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Posted: October 6, 2009
Advanced Diamond Technology Introduces the Smoothest Vapor-Deposited Diamond
(Nanowerk News) Advanced Diamond Technologies, Inc. (ADT), announces the introduction of UNCD® Horizon™, the world's smoothest vapor-deposited diamond, to its family of award-winning diamond products. UNCD Horizon represents a generational leap in diamond wafer technology that brings the surface roughness of diamond films to levels comparable to electronic grade silicon wafers; opening up new vistas for the application of diamond into a wide variety of electronic and biomedical devices.
While ADT's UNCD Wafers are known for their outstanding smoothness—on the order of 10 nanometers (nm)—UNCD Horizon improves the smoothness by an order of magnitude to 1 nm. Such exceptionally smooth diamond enables its integration with other materials and makes diamond feasible for a variety of groundbreaking applications such as: RF (radio frequency) MEMS (micro electrical mechanical systems) devices, nano imprint lithography (NIL), diamond nanophotonic technology, biosensors, and biomedical devices. UNCD Horizon also enables the direct bonding of diamond heat spreaders to transistors, solving one of the most vexing problems in the semiconductor industry, and permits the deposition of epitaxial silicon directly on diamond.
To achieve UNCD Horizon's ultra-smoothness, ADT used an industry standard semiconductor process, chemical-mechanical planarization (CMP), and applied it to UNCD Wafers. "Using CMP opens up enormous possibilities for new applications leveraging wafer-scale processing techniques to make diamond-based devices," said Dr. John Carlisle, ADT's chief technology officer. Diamond, being the world's hardest material, is notoriously difficult to planarize. "The key was to start with our UNCD Wafers, which are already smooth, and by using CMP create an astonishing level of precision that puts diamond on everyone's technology roadmap," said Neil Kane, ADT's president.
UNCD Horizon makes surface acoustic wave (SAW) devices possible for mobile wireless applications that integrate diamond with highly optimized AlN (aluminum nitride) piezoelectric films. Such devices combine low insertion loss with high quality factors and higher frequency operation, directly integrated with CMOS drive electronics, thereby improving overall performance. Smoothness is critical for making devices that consume less energy. "The ability to produce diamond wafers with such ultra-smooth surfaces may open many new opportunities for diamond in RF electronics, in particular filters that work in the GHz frequency range," said Dan Stevens, Vectron International's chief technology officer.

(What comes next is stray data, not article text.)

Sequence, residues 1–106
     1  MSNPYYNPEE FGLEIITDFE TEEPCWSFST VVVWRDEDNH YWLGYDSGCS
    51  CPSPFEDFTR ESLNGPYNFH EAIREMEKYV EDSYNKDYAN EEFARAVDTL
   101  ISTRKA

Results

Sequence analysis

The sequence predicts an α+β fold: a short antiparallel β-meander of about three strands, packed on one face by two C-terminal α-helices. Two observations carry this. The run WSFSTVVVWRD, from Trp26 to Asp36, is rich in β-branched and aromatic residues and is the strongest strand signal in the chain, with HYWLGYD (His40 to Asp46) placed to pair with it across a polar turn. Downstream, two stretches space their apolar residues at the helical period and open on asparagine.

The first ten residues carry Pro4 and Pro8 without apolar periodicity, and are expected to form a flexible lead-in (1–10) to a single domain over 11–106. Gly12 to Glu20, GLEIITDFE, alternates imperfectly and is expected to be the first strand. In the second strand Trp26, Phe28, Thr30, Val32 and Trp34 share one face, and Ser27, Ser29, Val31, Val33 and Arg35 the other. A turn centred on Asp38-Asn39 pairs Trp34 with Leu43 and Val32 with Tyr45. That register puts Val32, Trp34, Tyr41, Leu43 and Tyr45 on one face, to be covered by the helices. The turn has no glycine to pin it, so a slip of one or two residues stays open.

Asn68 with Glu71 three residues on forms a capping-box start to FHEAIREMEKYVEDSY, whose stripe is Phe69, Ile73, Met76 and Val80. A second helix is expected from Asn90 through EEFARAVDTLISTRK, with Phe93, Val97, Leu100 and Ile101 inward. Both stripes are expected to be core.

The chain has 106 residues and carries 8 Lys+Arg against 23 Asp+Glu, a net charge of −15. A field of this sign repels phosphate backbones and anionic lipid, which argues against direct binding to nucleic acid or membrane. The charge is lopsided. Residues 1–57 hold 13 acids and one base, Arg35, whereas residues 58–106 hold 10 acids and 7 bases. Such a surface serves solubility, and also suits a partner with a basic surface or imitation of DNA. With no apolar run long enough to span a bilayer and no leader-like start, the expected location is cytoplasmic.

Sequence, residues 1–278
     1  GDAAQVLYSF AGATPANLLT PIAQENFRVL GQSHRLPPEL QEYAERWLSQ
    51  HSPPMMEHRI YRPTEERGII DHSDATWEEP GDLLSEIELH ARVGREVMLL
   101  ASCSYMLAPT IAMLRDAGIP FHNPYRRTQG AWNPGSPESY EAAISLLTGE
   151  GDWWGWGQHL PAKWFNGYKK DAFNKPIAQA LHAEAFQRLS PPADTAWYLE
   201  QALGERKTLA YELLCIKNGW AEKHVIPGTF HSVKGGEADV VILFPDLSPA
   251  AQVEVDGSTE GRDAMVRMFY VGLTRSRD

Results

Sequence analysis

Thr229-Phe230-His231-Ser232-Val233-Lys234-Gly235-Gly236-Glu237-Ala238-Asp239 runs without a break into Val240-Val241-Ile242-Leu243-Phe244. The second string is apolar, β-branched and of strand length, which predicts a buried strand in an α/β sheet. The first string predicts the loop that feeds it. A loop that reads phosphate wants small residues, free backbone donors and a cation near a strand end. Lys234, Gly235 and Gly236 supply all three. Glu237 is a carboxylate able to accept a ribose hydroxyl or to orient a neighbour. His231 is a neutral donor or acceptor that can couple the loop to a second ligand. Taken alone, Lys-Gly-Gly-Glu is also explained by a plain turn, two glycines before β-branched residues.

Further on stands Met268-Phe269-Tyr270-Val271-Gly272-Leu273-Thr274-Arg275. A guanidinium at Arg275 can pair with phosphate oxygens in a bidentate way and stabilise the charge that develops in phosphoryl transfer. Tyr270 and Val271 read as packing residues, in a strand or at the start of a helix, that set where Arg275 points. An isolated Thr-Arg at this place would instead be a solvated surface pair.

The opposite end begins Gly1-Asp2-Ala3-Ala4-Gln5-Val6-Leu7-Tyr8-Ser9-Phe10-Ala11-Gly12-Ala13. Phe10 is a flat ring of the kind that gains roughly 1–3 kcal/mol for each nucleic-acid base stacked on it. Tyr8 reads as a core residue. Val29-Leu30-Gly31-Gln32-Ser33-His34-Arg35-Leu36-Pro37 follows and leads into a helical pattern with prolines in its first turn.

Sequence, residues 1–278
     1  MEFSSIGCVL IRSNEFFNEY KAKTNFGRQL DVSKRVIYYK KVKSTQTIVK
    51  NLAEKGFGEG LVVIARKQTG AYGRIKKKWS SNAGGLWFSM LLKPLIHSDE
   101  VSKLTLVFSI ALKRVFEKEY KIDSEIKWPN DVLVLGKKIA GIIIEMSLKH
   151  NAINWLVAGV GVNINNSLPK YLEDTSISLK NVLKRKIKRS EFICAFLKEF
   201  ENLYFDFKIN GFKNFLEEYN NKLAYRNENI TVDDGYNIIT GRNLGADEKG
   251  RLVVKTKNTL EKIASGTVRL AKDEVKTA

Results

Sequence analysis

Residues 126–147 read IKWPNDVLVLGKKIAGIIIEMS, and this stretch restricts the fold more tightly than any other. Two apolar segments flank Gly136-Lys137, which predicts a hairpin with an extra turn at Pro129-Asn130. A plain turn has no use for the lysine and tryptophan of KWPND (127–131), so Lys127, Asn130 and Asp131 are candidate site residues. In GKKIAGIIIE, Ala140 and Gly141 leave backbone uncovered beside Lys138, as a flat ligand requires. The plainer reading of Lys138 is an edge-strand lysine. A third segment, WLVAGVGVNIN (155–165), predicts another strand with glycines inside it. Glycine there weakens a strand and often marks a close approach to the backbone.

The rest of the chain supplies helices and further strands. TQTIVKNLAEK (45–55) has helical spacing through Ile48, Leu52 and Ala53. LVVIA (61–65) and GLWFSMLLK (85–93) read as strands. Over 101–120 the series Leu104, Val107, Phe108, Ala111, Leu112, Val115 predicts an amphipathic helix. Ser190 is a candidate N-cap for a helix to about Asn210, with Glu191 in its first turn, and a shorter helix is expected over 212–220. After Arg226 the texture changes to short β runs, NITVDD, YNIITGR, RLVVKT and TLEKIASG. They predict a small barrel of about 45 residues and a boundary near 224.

Columbia University is using UNCD Horizon for NIL which allows researchers to mold nanoscale patterns with sub-10 nm resolution into substrates that are used to manufacture biological flow cells and semiconductors. UNCD Horizon is uniquely suited for the fabrication of nanoimprint molds because it allows for feature sizes on the order of a few nm with excellent mechanical properties as well as low stiction and biocompatibility. "UNCD Horizon's very low roughness meets our needs to make nanoimprint molds durable enough for the high pressures and mechanical forces applied during the nanoimprint process," said Mark Schvartzman of Columbia University's Nanotechnology Center for Mechanics in Regenerative Medicine.
Researchers at Harvard University are using UNCD Horizon to develop diamond nanophotonic technology as an enabling platform for applications in bio-chemical sensing, optical information processing, and nanoscale mechanics. "We believe that the diamond nanophotonic technology that we are developing will play an important role as an enabling platform for quantum information processing and sensing applications," said Dr. Marko Loncar, professor and principal investigator, Harvard University's Laboratory for Nanoscale Optics.
UNCD Horizon has been used to determine the feasibility of using a focused ion beam (FIB) to create a NIL hard mask. Using diamond as the hard mask eliminates stiction issues critical in imprint lithography. Using a FIB to pattern the master stamp adds flexibility and eliminates process steps in mask creation. Dr. Warren McKenzie, of the University of New South Wales, demonstrates a diamond NIL hard mask made in the image of ADT's logo (see photo above—ADT's logo patterned on UNCD Horizon, courtesy of Dr. Warren McKenzie, University of New South Wales); results were published in Microscopy and Microanalysis, July 2009.
UNCD Wafers meet foundry specifications for particle count, wafer bow, and cleanliness and they can be patterned using reactive ion etching and integrated into complex thin film heterostructures. UNCD Horizon enables diamond to be used as either an integrated film or sacrificial layer. "There has always been a tremendous interest in diamond as an engineering material and now UNCD Horizon enables diamond to be integrated in MEMS and semiconductor fabrication sequences," said Dr. Diane Hickey, ADT's director of sales and marketing.
UNCD Horizon is available on 100 mm wafers and 1 cm2 wafer die, other wafer sizes are available upon request, and can be purchased at ADT's website.
About Advanced Diamond Technologies
Formed to commercialize the ultrananocrystalline diamond technology invented at Argonne National Laboratory, ADT is the exclusive licensee to its portfolio of diamond patents. ADT is a World Economic Forum 2007 Technology Pioneer, a recipient of a 2008 EuroAsia IC Award in the Materials Enabling category from EuroAsia Semiconductor magazine, a 2008 R&D 100 Award winner for UNCD Seals (mechanical seals for pumps), and a 2009 R&D 100 Award winner for NaDiaProbes® (the world's first all-diamond AFM probes).